Here's what he found: RCW 28A.320.015
School boards of directors — Powers — Notice of adoption of policy.
(1) The board of directors of each school district may exercise the following:
(a) The broad discretionary power to determine and adopt written policies not in conflict with other law that provide for the development and implementation of programs, activities, services, or practices that the board determines will:
(i) Promote the education and daily physical activity of kindergarten through twelfth grade students in the public schools; or
(ii) Promote the effective, efficient, or safe management and operation of the school district;
(b) Such powers as are expressly authorized by law; and
(c) Such powers as are necessarily or fairly implied in the powers expressly authorized by law.
(2) Before adopting a policy under subsection (1)(a) of this section, the school district board of directors shall comply with the notice requirements of the open public meetings act, chapter 42.30 RCW, and shall in addition include in that notice a statement that sets forth or reasonably describes the proposed policy. The board of directors shall provide a reasonable opportunity for public written and oral comment and consideration of the comment by the board of directors.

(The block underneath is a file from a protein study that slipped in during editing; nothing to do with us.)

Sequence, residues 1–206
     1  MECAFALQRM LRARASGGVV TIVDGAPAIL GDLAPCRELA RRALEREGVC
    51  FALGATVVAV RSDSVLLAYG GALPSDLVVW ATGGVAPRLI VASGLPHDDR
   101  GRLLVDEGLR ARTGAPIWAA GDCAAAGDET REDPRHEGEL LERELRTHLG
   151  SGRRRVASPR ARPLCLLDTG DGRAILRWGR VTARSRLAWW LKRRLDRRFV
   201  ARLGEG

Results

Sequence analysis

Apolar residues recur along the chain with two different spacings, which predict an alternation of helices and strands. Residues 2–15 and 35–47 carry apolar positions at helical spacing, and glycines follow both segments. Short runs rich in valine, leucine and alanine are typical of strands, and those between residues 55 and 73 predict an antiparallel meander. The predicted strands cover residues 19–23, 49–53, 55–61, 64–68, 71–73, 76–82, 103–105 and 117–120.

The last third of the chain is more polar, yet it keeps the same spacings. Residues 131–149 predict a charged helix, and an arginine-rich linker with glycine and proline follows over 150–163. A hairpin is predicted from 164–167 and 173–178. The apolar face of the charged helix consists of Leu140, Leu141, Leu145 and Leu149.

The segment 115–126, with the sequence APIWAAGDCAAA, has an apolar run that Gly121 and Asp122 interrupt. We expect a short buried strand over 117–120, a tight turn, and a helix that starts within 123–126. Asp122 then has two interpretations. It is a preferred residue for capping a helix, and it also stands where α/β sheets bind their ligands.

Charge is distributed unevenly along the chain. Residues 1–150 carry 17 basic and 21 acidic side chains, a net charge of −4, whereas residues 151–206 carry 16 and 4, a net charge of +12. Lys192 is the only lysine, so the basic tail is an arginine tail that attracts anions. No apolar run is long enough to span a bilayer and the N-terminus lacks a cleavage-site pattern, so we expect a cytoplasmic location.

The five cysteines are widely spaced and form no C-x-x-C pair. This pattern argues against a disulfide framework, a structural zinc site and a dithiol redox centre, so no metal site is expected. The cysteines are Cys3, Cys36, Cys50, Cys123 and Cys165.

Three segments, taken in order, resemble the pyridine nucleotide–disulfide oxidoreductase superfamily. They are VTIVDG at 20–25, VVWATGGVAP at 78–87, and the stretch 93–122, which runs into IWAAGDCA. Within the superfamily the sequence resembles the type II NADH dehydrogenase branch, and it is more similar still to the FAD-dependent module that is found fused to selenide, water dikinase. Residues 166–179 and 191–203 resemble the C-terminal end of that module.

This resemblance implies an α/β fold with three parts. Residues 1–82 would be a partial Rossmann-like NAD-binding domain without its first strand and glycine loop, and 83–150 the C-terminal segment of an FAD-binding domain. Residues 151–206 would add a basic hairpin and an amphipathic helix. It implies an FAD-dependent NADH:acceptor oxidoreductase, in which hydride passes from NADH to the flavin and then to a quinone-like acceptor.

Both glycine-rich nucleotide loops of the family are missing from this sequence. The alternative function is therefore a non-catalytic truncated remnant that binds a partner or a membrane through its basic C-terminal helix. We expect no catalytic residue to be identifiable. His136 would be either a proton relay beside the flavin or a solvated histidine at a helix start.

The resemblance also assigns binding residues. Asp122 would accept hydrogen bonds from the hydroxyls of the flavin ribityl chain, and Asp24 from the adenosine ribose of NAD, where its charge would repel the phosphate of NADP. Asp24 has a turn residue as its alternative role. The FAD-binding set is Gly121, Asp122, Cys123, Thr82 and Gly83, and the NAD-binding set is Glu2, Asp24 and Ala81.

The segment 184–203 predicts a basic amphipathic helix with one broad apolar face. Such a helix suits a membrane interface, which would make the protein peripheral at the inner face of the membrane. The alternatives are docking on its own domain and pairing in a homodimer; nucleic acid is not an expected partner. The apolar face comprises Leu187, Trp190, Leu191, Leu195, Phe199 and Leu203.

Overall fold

It's the last bit that caught his attention. State law REQUIRES the Board to not only provide a reasonable opportunity for public comment, but they must also consider that public comment.
This law may only apply to the adoption of policy or it may apply to all Board actions. A judge will decide.
Since the NTN contract terms were not made public until the day before the vote, the public did not have a reasonable opportunity for public comment. The vote could be nullified on those grounds alone.
The Board was provided with a lot of information on the academic outcomes for students at NTN schools, but they never really considered that information. Since none of the public comment on the NTN contract appear to have been considered by the Board, the vote could be nullified on those grounds alone. The same can be said for the high school textbook adoption. In the textbook adoption appeal, the District provided the Court with all of the evidence used when the Board considered their decision - no public comment was included. The absence of public input among the data considered by the Board is, by itself, sufficient grounds to nullify the decision because it does not meet the legal minimum for a Board action. That is, if this law applies to more than just the adoption of policies.